Watwood and her husband and two daughters live in Brooklyn, New York.

4 thoughts on “Reflections on Creating an Artistic Body of Work

  1. A very insightful article here, lots of tips and inspirational fodder to keep us young artists going.

    I myself am a developing artist, and it is often a struggle to not dispose of a piece of artwork or a project simply because it wasn’t working how I planned. It’s not always a means to an end, in fact the whole artistic process is one learning curve. ‘Considering your artwork as a whole’ is a great philosophy. Perhaps in a month, a year, or ten years time, those scraps and half-painted canvases could be our new exhibition masterpieces!

    Keep up the great writing!

    Chloe Waterfield
    http://www.canidaeart.com
    Journeys into Nature

  2. This is wonderful work Patricia. You may view your big step as the road rising up to meet you, but you’ve overlooked the obvious. Your work is excellent, well-executed, consistent, and demonstrates your skill and proficiency. Yes we can act boldly, but if the work does not stand on it’s own merits and reflect quality, no one, no unseen force will come to your aid. Thanks for the lesson – Do it big and do it well. Congratulations on doing both of them exceptionally.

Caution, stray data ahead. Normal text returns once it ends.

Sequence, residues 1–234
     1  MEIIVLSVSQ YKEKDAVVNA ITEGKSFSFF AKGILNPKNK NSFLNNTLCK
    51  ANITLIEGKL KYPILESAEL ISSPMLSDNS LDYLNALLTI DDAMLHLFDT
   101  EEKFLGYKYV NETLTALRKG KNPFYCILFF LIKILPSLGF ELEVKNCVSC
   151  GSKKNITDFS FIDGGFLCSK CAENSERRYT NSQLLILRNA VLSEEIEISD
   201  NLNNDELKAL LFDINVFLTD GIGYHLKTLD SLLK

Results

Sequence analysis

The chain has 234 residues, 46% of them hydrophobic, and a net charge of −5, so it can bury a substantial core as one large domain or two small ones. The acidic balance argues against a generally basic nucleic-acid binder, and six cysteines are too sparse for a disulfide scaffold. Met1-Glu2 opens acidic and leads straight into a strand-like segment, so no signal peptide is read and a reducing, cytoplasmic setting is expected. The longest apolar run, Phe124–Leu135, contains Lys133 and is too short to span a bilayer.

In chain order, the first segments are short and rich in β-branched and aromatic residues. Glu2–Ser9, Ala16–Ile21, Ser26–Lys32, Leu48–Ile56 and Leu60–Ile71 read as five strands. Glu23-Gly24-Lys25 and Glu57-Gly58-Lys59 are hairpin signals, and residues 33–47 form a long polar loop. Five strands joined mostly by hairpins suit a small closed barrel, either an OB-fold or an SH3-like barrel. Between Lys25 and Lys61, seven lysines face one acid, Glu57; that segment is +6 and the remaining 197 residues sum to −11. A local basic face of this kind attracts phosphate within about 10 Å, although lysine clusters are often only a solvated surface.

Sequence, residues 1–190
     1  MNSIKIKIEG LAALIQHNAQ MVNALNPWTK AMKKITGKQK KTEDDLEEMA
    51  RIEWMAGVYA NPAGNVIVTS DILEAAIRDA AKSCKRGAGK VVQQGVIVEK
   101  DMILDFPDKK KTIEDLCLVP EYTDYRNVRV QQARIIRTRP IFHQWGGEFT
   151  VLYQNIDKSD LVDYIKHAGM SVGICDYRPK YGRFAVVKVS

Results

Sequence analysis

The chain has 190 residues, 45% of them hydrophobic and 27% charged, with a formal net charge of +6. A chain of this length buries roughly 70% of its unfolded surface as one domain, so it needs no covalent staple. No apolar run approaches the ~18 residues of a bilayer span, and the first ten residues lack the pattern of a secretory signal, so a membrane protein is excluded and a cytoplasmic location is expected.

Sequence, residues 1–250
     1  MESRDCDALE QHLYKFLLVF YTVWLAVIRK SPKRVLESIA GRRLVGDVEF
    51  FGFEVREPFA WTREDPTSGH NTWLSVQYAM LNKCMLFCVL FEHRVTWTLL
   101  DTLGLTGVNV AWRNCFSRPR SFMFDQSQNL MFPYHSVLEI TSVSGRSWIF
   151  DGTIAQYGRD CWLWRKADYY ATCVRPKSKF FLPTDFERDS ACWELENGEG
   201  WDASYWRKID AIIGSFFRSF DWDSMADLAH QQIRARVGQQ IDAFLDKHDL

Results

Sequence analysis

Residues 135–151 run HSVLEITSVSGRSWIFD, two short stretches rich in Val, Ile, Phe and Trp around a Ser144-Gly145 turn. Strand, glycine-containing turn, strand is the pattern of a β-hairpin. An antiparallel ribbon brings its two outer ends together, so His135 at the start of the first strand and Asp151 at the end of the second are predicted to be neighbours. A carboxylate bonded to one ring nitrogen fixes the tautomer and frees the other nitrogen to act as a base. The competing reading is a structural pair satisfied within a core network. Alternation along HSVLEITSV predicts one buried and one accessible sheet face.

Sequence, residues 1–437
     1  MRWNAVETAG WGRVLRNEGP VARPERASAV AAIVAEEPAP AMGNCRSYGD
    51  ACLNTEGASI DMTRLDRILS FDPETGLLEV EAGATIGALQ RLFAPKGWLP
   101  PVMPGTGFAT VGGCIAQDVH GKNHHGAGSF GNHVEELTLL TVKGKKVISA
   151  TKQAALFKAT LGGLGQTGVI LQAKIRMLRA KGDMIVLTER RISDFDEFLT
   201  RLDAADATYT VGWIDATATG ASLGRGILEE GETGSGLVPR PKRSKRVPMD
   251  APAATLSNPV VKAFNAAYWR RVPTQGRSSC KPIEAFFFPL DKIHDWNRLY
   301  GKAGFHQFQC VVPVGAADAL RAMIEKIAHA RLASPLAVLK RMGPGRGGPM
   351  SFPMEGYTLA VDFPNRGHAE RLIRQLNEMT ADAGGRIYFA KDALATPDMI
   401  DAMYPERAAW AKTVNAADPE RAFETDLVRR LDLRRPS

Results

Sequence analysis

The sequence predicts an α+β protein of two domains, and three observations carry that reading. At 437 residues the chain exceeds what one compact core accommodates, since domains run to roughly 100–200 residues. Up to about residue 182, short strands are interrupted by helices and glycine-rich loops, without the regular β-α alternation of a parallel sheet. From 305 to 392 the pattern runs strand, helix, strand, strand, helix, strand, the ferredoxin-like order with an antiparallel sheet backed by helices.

3. Thank you for your comment about an artist’s vision unfolding.

    “The artist excavates the vision out of one’s body of work, out of the long process of becoming the artist and creating the work. Like a refiner’s fire, the artistic process clarifies the vision, and shapes the artist.”

    I really needed to hear this. I frequently find myself getting stuck before I even start. Your words are very profound.

  4. Great article !! Shows hot hard work and guts can pay off and I especially loved the idea :
    So, take a group of your paintings or drawings, and consider them all together to see the underlying themes in your own work. Make notes of your strongest impressions, or even write a couple sentences about each picture, asking yourself “Why did I make this painting?” and “What am I trying to express?” Even if your notes are more word association than sentences, you will see themes emerge. You could also gather a few trusted artist friends, and do this together.

    I often wondering what I am trying to say. Sounds like a good excercise.